Her first experience of Switzerland? Shraddha Karve laughs: “A fine of several hundred Swiss francs.” She was on her way home to India from a conference in Spain. At a layover in Zurich airport at 3 o’clock in the morning, it was noticed that her Schengen visa had run out just a few hours earlier. That was an expensive mistake.
Around three years after this misfortune, Shraddha Karve touched down at Zurich airport once again, this time for a longer stay. Since October 2016 she has been a postdoctoral researcher at the Department of Evolutionary Biology and Environmental Studies at the University of Zurich, in Professor Andreas Wagner’s research group Molecular Evolution and Evolutionary Systems Biology.
The interaction of genes, the environment and organisms has long fascinated Shraddha Karve. She became aware of the subject of biology at a young age thanks to her mother, who was a biology teacher. She went on to study biology herself at Pune University, with a concentration in evolution. “I wasn’t just interested in what things are like – i.e. the anatomy or physiology of living creatures – but also in how they got to be that way.” Her studies mainly revolved around microbes such as bacteria and fungi. They are particularly valuable in the study of evolution because they have been in existence for millions of years and have a short reproduction time, making it possible to simulate evolutionary processes in the lab.
Subsequently, in her PhD thesis at the Indian Institute of Science Education and Research (IISER) in Pune, Shraddha Karve examined the question of how bacteria react to changed environmental conditions. Her findings were surprising and worrying in equal measure: Bacteria can become very stress-resistant and develop resistance to heavy metal and antibiotics even when they have never come into contact with them.
“Up to now our attention was very much focused on reducing antibiotic use in order to prevent resistance,” says Karve. That is an important strategy, especially in India, where antibiotics are available without prescription. But, Karve notes, “we need to widen our approach, as the research is more and more clearly showing that bacteria can also become resistant without contact with antibiotics.” That makes the development of new types of drugs to combat bacterial infections all the more urgent.
Now a postdoc at UZH, Shraddha Karve has spent the past two years researching whether organisms have an evolutionary advantage if their cellular processes can take place in a different way – i.e. if they have what is known as high variability.
“UZH is one of the world’s leading research centers for evolution and ecology,” says Shraddha Karve. There is a large degree of thematic overlap with research being carried out at universities in her home country of India – for example with regard to questions of population distribution or behavioral ecology of rare animal species. Awareness of this overlap has led Shraddha Karve to organize a conference for researchers from both countries. The conference, which is supported by a Graduate Campus Grant, will take place from 18 to 20 September and is open to the public. Professors from universities in Pune and Bangalore will join colleagues from UZH to present and discuss their research in the field of evolutionary biology and ecology.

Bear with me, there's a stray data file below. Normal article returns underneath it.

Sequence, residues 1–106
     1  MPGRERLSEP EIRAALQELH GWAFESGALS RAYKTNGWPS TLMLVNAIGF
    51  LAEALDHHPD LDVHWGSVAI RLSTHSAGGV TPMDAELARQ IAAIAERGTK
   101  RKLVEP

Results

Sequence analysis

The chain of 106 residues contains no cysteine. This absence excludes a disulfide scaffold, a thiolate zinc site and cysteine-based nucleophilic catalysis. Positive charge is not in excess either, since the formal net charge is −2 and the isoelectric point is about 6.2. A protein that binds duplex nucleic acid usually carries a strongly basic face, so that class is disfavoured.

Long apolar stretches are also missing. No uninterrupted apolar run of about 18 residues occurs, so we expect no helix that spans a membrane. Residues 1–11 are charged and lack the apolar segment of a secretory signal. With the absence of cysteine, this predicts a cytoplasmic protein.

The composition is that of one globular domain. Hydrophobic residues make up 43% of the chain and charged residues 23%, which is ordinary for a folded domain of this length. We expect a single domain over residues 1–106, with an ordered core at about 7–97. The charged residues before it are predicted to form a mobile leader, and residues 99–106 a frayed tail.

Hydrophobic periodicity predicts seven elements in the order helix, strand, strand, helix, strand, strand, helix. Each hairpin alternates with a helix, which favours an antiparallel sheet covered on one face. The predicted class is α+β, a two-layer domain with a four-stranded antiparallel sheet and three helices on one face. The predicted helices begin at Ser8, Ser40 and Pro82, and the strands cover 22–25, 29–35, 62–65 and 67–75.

The event is deliberately small-scale. “There are enough big conferences,” says Shraddha Karve. “But they have packed programs and you don’t get much time to meet other researchers.” In contrast, at the Indo-Swiss Collaboration Primer in Evolution and Ecology at UZH, the focus is on making personal connections – and the program is less tightly packed so that participants have enough time to network and discuss their ideas.
It has already been decided that UZH researchers will make a return visit to Bangalore for a similar conference in September 2019. “The best outcome would be if it led to joint research projects,” says Shraddha Karve.
Back to India
Shraddha Karve will be busy with her postdoc project for the next couple of years. But what then? Her answer is unequivocal: “I’ll go back to India.” At the moment she and her husband only see each other every few months, flying back and forth between Pune and Zurich. She intends to look for a post in academia back in India – but she knows that won’t be easy: “Most Indians, academics included, have close ties to their families back home and usually return after a few years abroad.”
But for now Shraddha Karve is enjoying her time in Switzerland. “It’s almost annoyingly perfect,” she laughs – she’s used to life in India being a bit more chaotic. In her free time she enjoys watching the Indian movies that are often shown in Zurich cinemas: “It’s great to be able to see them.” She also does acting herself and is writing a play – for an Indian expats’ theater group in Zurich.
The Indo-Swiss Collaboration Primer in Evolution and Ecology takes place at UZH’s Irchel Campus from 18 to 20 September and is open to the public and free of charge. No registration required.
Shraddha Karve is organizing the conference together with doctoral candidate Felix Moermann and post-doctoral researcher Xiang-Yi Li, both also at the Department of Evolutionary Biology and Environmental Studies.
The idea for the conference came about during a trip to India in spring 2018 organized by the Graduate Campus, when their Citizen Science exhibition was shown at two universities in India.
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